Senior Seminar Information (Class of 2017)
For the 2016-2017 academic year, the senior seminar topics are Numerical Linear Algebra and Chaotic Dynamical Systems.
To ensure the senior seminar experience is an enriching experience it is necessary to keep class sizes relatively small and even. To help the department place students into seminars, each major who plans to take a senior seminar submits a proposal by the last day of classes of the winter semester of the junior year. Some details:
- The proposal is a LaTeX document, a template, to be filled out carefully by the student. The proposal should be approximately one page. It should describe which senior seminar you prefer to take, and why.
- As a hypothetical example, here is a sample completed proposal in PDF format as Bernhard Riemann would have submitted it.
- Juniors abroad during the winter semester who do not have access to LaTeX may submit a proposal created in Word or whatever software is available. The proposal must follow the format of the sample PDF document.
- By the due date, the completed proposal is to be emailed as a PDF document to Laura Wardwell (email@example.com), Academic Administrative Assistant for Hathorn Hall.
- The PDF file should have a useful, descriptive name. Riemann would’ve named his “BernhardRiemannSeminarProposal.pdf”, for example.
- It is a good idea for juniors to discuss the choice between thesis and seminar with faculty members before writing a proposal.
- The Department meets to consider all thesis and seminar proposals. The Department Chair will notify students of the results of the meeting by the middle of the short-term.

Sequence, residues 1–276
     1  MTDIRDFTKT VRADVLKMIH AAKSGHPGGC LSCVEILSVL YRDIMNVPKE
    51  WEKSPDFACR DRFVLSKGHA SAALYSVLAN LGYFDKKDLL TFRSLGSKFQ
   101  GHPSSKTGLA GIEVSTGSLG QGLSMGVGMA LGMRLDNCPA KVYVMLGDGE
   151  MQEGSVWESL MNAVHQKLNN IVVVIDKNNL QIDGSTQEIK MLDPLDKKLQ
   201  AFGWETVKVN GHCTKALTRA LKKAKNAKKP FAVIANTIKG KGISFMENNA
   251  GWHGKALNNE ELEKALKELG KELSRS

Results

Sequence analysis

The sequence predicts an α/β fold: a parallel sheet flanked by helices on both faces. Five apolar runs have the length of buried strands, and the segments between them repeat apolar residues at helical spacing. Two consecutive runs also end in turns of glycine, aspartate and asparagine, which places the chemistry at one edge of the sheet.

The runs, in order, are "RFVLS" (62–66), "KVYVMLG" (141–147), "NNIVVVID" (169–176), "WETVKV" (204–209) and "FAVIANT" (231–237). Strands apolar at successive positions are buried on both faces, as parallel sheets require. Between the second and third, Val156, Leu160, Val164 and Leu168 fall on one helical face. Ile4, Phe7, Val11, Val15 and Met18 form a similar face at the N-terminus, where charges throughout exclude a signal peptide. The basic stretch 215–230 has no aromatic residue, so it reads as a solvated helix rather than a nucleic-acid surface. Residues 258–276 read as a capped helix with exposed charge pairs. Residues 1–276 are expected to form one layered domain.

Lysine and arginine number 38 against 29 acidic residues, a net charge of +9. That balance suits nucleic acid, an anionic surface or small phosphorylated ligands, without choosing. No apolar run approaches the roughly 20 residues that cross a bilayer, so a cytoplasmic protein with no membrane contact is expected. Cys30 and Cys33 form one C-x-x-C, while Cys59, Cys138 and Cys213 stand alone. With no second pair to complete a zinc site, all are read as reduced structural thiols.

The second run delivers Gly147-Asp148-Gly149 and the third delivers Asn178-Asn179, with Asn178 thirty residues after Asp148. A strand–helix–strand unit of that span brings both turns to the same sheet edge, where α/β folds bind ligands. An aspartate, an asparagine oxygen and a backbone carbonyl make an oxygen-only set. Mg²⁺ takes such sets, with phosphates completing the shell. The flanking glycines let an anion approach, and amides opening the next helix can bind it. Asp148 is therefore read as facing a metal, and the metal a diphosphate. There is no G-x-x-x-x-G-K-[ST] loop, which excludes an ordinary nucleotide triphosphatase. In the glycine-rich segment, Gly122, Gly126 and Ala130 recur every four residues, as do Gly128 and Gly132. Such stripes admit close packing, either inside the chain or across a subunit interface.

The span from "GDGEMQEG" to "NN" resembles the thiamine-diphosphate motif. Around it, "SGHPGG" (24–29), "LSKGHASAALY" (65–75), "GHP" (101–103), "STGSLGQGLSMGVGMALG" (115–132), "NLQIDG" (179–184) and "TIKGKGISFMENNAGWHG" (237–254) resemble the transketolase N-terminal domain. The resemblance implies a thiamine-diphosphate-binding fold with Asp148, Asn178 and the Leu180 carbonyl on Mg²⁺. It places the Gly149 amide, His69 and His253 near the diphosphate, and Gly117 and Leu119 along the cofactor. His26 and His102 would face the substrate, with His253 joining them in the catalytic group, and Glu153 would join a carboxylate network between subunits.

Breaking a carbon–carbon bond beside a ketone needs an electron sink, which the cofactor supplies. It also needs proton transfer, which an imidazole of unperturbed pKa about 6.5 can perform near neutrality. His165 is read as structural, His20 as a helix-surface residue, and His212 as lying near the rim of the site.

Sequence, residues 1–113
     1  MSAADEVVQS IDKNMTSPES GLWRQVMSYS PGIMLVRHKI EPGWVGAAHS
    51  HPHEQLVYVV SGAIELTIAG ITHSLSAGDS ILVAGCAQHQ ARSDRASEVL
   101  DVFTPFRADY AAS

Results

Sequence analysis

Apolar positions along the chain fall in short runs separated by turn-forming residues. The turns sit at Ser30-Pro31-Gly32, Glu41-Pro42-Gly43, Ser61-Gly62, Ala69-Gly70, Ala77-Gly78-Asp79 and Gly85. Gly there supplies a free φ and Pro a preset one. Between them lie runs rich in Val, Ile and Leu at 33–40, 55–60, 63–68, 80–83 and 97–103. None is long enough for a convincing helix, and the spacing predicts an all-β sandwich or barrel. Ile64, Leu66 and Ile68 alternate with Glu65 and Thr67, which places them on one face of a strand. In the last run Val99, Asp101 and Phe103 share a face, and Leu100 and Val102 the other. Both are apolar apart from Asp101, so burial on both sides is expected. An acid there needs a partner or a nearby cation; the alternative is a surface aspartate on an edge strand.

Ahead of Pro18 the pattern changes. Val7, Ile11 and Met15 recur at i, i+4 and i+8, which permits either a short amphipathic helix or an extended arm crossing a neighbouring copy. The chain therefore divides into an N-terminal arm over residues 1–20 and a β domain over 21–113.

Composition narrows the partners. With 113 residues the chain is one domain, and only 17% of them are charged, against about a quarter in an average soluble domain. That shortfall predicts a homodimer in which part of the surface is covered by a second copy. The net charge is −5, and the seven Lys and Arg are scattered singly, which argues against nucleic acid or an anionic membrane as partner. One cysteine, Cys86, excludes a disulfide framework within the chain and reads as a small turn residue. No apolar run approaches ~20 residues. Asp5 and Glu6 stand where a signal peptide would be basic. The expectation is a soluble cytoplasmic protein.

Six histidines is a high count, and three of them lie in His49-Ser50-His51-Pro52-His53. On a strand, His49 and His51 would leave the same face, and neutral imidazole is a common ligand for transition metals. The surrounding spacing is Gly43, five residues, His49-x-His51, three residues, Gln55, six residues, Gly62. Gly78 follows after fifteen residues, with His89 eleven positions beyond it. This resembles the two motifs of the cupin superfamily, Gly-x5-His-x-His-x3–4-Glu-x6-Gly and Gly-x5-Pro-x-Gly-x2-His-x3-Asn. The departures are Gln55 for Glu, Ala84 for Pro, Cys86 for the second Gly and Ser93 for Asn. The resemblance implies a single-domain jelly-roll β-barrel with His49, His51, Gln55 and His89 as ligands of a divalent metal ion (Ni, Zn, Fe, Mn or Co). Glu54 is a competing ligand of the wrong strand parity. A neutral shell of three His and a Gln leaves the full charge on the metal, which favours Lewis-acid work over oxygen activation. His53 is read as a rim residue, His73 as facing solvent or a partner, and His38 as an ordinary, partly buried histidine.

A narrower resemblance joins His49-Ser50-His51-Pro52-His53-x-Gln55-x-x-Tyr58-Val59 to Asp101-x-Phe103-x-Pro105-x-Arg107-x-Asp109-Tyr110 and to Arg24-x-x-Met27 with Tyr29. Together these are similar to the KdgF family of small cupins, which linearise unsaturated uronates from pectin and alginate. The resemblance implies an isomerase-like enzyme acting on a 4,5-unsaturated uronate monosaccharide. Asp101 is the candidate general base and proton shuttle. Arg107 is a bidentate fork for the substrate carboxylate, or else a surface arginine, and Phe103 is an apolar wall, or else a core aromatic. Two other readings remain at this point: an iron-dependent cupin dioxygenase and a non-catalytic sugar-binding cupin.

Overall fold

- The course descriptions for the Winter 2017 senior seminars are below.
MATH 495C. Numerical Linear Algebra (Professor Boateng)
This course is an introduction to numerical linear algebra, which is fundamental to scientific computing. Through guided and self-directed explorations, students examine direct and iterative solutions for linear systems problems including computation of eigenvalues and eigenvectors. The course focuses on both theoretical study of convergence of the numerical methods and practical implementations of these methods.
Tentatively scheduled: MWF 2:40-4:00 p.m.
MATH 495D. Chaotic Dynamical Systems (Professor Ross)
One of the major scientific accomplishments of the last twenty-five years was the discovery of chaos and the recognition that sensitive dependence on initial conditions is exhibited by so many natural and man-made processes. To really understand chaos, one needs to learn the mathematics behind it. This seminar considers mathematical models of real-world processes and studies how these models behave as they demonstrate chaos and its surprising order.
Tentatively scheduled: MWF 9:30-10:50 a.m.